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One tip to tweak your morning routine to become happier and more creative

Recently, I had a major epiphany about how to tweak my morning routine to become more creative, happier, and joyful.

But, first, the morning routine.

I learned a few years ago about the power of having a morning routine in Hal Elrod’s book, “The Miracle Morning: The Not-So-Obvious Secret Guaranteed to Transform Your Life (Before 8AM).”

The author writes about the many benefits of a morning routine such as waking up every day with more energy, drive, and structure; lowering stress levels, improving health, increasing productivity, and having more gratitude and less anxiety.

He lists six activities to include in your morning routine that he calls “savers.”

The term SAVERS stands for:

  • Silence (meditation/prayer)
  • Affirmations
  • Visualization
  • Exercise
  • Reading
  • Scribing (journaling)

The idea is to spend the first hour of your day on these items. On those days that you don’t have an hour then you can condense your routine into whatever time you have.

I won’t go into all the details because there are so many great articles on this topic already, including this one by Ricardo Singh, “Miracle Morning routine: 6 steps to boost productivity.”

I don’t do all six items but use them more as a menu to choose from depending on how I feel and what I think I need that morning.

My morning routine is the foundation of my day and without it, I feel lost at sea, afloat on a wave of too many responsibilities and tasks. That time to myself in the morning centers me for the day, and I feel as if time expands for me as a result—not in some woo-woo, supernatural way but because I’m more focused and productive.

So, what’s my epiphany?

Long story short is last year was rough for me—between struggling with a flare up of a health issue and trying to save my cat’s life (he’s good now), I didn’t have much extra energy for my creative projects. I put my poetry aside completely and spent what little creative energy I had on the novel I’m working on.

I’d have fleeting thoughts about writing a poem or reading some poetry, but then my “logical” brain would tell me I “should” be spending my time on more “productive” pursuits.

Fast forward to this year. I’m feeling better. My cat, Teddy Bear, is doing great. And, I have more energy for my creative work. So when I saw a virtual poetry workshop by two of my favorite local poets, I just knew I had to attend. I’m so glad I listened to my intuition and signed up for the workshop.

The workshop changed my life.

I wrote several poems during the workshop and came away with a slew of poem ideas for the future. I got to network with other poets, too, but the true gift was rediscovering my poetry.

When I used to do one-on-one coaching with people, I’d always end my sessions by asking them the question, “What feeds your soul?” For me, it’s poetry. Without poetry in my life, I feel disconnected. I feel unmoored.

My logical brain tried to tell me that poetry wasn’t a worthy pursuit—I should be spending that time and energy working.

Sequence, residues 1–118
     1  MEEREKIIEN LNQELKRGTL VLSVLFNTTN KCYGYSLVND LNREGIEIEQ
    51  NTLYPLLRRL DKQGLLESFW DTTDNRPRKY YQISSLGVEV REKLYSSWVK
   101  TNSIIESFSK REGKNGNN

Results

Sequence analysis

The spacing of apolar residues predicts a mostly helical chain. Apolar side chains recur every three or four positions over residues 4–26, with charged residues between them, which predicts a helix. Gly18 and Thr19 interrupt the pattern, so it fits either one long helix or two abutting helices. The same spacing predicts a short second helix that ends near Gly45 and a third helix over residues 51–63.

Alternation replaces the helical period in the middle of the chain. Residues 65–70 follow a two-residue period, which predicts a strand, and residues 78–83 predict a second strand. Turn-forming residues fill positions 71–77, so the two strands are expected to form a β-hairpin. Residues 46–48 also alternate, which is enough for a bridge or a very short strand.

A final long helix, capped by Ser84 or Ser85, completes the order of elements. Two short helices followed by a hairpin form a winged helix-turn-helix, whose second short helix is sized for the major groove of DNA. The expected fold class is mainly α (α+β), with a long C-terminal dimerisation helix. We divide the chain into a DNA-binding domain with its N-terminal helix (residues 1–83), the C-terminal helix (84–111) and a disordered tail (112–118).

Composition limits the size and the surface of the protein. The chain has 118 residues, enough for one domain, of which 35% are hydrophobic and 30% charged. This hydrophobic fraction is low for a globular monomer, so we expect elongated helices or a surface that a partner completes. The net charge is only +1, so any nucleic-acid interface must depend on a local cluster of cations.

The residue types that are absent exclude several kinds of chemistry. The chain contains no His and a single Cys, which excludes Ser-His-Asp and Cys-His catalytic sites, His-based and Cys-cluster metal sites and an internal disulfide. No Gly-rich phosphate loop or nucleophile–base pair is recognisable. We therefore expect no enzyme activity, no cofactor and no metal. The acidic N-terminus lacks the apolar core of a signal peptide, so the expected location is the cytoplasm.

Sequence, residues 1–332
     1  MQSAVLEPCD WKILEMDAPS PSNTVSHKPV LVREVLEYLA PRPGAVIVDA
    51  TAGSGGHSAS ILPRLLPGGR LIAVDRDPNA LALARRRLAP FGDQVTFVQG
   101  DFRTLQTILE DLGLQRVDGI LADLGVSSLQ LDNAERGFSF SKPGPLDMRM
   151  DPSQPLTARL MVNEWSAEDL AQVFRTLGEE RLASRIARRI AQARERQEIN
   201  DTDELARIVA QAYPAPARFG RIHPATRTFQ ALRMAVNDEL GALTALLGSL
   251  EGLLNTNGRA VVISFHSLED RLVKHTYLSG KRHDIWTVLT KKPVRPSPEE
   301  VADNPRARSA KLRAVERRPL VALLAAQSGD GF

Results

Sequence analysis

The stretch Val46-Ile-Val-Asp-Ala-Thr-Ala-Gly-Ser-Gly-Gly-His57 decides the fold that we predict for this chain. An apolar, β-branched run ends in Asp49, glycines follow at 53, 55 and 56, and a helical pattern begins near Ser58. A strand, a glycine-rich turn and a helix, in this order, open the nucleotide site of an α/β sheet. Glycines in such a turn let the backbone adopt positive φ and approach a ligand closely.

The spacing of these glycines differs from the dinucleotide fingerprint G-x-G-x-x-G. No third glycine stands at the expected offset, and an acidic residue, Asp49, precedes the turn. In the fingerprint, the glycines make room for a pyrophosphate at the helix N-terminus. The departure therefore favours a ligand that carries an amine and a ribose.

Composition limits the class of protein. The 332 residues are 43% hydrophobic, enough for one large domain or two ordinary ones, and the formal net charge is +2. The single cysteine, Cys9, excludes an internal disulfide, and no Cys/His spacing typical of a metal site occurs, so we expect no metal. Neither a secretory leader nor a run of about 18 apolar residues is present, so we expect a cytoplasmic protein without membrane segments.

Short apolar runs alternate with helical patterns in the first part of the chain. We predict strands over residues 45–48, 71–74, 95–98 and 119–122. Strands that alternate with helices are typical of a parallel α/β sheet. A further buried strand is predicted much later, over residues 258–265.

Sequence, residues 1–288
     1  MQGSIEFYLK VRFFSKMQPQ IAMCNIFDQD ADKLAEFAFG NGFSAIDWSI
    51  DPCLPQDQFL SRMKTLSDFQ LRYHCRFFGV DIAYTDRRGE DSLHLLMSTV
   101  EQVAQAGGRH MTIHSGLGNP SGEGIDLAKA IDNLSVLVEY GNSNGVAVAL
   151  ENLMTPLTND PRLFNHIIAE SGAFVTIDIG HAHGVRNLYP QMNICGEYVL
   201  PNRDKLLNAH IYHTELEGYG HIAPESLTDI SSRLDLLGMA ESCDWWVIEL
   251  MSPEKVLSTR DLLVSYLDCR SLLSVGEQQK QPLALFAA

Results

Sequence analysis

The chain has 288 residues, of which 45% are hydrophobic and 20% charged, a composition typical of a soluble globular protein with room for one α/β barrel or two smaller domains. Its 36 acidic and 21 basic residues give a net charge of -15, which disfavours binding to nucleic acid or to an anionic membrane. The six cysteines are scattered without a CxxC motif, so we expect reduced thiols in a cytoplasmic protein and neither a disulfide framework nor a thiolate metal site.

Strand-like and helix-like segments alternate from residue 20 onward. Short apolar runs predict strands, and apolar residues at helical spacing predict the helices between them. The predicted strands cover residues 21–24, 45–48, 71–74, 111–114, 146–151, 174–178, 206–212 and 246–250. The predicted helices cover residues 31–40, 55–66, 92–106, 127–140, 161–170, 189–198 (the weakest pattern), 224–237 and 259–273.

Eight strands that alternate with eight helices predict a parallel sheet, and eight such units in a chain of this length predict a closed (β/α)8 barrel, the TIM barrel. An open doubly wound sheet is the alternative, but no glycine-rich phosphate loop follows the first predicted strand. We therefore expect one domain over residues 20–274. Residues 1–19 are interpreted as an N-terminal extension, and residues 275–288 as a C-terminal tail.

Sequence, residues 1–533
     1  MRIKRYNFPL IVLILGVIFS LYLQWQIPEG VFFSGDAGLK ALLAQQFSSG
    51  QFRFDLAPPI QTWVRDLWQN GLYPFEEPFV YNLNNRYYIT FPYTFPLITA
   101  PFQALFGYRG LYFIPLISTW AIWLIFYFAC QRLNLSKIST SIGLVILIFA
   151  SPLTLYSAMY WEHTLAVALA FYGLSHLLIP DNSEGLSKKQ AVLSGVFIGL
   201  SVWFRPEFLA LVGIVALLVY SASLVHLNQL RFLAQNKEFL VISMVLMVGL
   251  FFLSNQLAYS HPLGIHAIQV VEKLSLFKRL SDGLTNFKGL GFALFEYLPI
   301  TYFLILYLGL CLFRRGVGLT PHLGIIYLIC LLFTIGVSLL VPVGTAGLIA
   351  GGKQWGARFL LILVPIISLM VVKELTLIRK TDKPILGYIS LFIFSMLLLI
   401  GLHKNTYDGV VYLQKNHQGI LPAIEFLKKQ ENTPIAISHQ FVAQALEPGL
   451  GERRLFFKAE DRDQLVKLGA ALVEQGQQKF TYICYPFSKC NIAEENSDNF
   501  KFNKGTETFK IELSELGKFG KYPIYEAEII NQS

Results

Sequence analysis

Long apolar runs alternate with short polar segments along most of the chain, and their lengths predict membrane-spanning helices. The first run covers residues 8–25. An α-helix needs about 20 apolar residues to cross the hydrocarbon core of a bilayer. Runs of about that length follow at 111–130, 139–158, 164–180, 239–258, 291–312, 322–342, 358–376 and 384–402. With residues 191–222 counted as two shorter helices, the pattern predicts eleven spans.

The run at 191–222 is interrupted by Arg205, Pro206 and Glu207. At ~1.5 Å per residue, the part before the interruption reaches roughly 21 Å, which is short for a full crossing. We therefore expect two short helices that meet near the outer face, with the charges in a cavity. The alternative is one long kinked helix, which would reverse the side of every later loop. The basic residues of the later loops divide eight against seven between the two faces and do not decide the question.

But when I stopped to really think about that psychological program (because that’s all it is—a childhood program that I learned that says you’re only worthy if you’re working hard), I realized how DEAD WRONG it was.

I asked myself, “What is the MOST valuable thing you can do while you are here on earth?” My answer had to do with helping people plug back into their heart and soul. Helping others FEEL connected and whole.

And guess what? THAT is EXACTLY what poetry does. So, in reality, poetry is the MOST important thing I can do.

So how does this tie in with my morning routine epiphany? Easy. Since it’s not financially possible for me to spend my entire day steeped in poetry and writing, I had to find a way to include poetry into my daily life, and I did—via my morning routine.

Now, I read poetry every morning–even if it’s only for a few minutes. My minimum is to read one new poem a day. And if I have the time and inclination, I can read more and maybe even write a new poem. The other morning, I read a haiku and ended up writing a new poem as a string of haikus. I’d never done that before, and it felt thrilling and exciting!

Do you want to become happier, more joyful, and more creative? First, ask yourself what feeds your soul? What lights you up? What feels as important to you as breathing?

Maybe it’s not poetry. Maybe it’s painting, sculpture, reading or writing mystery novels, learning guitar or piano, painting rocks, coloring, doing puzzles, learning about something new, inventing things, working in your machine shop, whittling wood, making furniture, decorating, etc.

If you don’t know what your thing is, don’t worry. Just hold the question loosely in your mind. Ask your muse to bring you some ideas. Try one on and if that doesn’t feel right, try another one on. You’ll eventually find it. Give yourself grace and time.

Once you have it, think about how you can incorporate that thing that feeds your soul into your day. Even if it can’t be in the morning, find a way to incorporate it into your day somewhere.

My entire being has shifted since adding my one thing to my morning routine. I’m happier now. I feel more grounded. When I have to do something I don’t necessarily enjoy, it doesn’t bother me as much. I just do it because I know I’ve got poetry. Poetry has my back. Poetry will always be here for me. Poetry is my jam.

What’s your jam?

You can find some of my poetry here.

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